We also make outreach Bibles (NAS, ESV, Spanish) and New Testaments (NAS, ESV, Spanish) available.

And in an effort to equip the congregation, we offer Dever’s The Gospel and Personal Evangelism (see the Cripplegate’s review), Packer’s Evangelism and the Sovereignty of God (see here for an excellent excerpt), and Gilbert’s What is the Gospel? for free or for a small donation at our Sunday outreach table. You may be able to get reduced prices for greater quantities by contacting the publishers directly.

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Are there any other good resources that you’ve found to be helpful in your evangelism ministry?

Mike Riccardi

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Mike is the Pastor of Local Outreach Ministries at Grace Community Church in Los Angeles. He also teaches Evangelism at The Master's Seminary.
  • Brian Morgan

    I appreciate the list provided. I personally used a couple from Revival Literature in North Carolina. Biblical, direct and not too long. “The Way of Salvation” and “4 Things God Wants you to Know.”
    I also heartily endorse Chapel Library in Pensacola, Florida. They have over 800 tracts, booklets and books available for no cost. They have converted hundreds of their titles to e format as well.
    Press on Brother!

  • michael luehrmann

    Here is one you can download for free:

  • CPS

    While not a tract per se, Dan Phillips’ The World-Tilting Gospel is one of the best introductory books I’ve ever read on the subject. I’ve given out at least a dozen copies. It’s concise, yet densely packed with all manner of God-glorifying common sense and wisdom.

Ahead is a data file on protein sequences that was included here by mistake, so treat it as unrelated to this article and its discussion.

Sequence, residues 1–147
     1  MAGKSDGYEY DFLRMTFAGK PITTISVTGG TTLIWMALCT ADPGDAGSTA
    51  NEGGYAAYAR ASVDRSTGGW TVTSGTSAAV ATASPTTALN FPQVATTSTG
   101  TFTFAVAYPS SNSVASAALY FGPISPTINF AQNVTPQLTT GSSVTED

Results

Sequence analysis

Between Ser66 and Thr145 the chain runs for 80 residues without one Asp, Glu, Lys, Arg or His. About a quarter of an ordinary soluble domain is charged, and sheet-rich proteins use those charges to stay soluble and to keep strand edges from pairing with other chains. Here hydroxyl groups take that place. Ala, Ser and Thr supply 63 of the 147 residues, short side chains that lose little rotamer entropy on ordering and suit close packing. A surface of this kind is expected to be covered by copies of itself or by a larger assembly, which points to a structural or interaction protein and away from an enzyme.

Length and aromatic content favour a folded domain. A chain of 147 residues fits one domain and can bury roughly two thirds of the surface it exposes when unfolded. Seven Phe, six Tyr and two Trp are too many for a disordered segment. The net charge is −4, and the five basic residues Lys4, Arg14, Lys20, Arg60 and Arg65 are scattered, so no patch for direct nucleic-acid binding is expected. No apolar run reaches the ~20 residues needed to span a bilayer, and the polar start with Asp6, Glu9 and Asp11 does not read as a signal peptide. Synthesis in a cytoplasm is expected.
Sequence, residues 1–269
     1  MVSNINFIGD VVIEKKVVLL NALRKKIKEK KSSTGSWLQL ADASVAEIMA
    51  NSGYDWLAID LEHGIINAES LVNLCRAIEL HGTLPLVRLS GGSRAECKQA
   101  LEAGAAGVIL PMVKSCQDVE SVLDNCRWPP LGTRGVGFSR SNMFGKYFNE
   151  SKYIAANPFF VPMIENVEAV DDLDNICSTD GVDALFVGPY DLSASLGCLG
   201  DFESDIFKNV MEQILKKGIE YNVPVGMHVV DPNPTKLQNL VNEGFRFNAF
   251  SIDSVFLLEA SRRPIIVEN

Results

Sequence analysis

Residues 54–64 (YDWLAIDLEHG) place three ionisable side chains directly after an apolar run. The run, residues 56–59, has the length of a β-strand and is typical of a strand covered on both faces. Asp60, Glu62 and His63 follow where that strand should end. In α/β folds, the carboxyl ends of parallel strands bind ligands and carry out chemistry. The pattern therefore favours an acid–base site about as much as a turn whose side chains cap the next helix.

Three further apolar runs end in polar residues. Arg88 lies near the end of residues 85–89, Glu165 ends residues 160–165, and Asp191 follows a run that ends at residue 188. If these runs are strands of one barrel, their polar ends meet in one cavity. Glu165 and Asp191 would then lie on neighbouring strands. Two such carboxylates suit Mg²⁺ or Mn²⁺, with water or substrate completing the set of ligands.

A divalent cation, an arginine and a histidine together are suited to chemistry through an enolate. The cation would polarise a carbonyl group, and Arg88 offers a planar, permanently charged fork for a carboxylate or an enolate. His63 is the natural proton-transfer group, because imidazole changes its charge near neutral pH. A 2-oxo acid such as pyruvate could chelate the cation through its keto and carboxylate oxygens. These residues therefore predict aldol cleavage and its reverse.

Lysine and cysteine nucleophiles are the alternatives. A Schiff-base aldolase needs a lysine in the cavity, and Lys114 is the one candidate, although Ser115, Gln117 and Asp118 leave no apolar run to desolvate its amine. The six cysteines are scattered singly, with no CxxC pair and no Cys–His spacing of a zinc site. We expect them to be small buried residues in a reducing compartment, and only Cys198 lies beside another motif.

• I agree CPS. See my reply to Frank below. TWTG is a great resource, but I was conceiving of it as being in a different category than the stuff I was discussing here.

      Thanks for mentioning it though!

  • Our church uses “Two Ways to Live” from Matthias Media to teach people how to present the Gospel.

    • Sweet Deb. Here is thecripplegate review on that I wrote many moons ago:

      • Hi, Jesse. Thank you for the link to that great review. I appreciate it, because you were able to spell out some of the reservations I had, but was unable to express well. Great.

        That said, put me down for another vote for TWTG

      • John Beck

        I take it that Jessie would not approve of option #6. I recall he had some stern points against the usage of the 10 commandments.

        • I think that was an unfortunate misreading of what Jesse was saying throughout that whole thing.

          At the end of his “Concerns” post, Jesse wrote, “A good evangelist has to have many tools in his tool box, and taking people through the Ten Commandments cannot be the only one in there.”

          To me, that implies that it can be one tool among many.

          Further, in one of the comments from the “Concerns” post, Jesse was asked what he does in street evangelism. He responded, “When I am street witnessing, as I did say above, I will sometimes use the ten-commandments approach. But more often than that, I ask questions, have a conversation, then make a jump to the gospel, then explain the gospel, then ask more questions, then challenge them to respond.”

          So, as I tried to say at the end of this post, Jesse’s view isn’t that it’s unbiblical to use idolatry, blasphemy, lying, anger/murder, lust/adultery, coveting, etc. to show the sinner the standard of God’s righteousness. Rather, the point is that it is unbiblical to insist that unless one has used the Ten Commandments in particular, one has not evangelized biblically.

          • Anonymous

            Hi Mike, recently I’ve been doing quite a bit of research on this issue of the 10 Commandments and evangelism and have been very confused. I have a sincere question; if you don’t believe that the 10 Commandments are the standard by which God will judge the world, how can you recommend this tract which plainly states otherwise(the very first page says this)? This tract takes non-believers through all the Commandments, including the Sabbath as a binding law for today. So I hope you can see why I’m a bit confused here. I sincerely would like a good answer as to why we can use a resource like this if we don’t believe the Decalogue is binding today.

          • That’s a good question, and I basically tried to answer it in these two posts (one, two). Have you read those?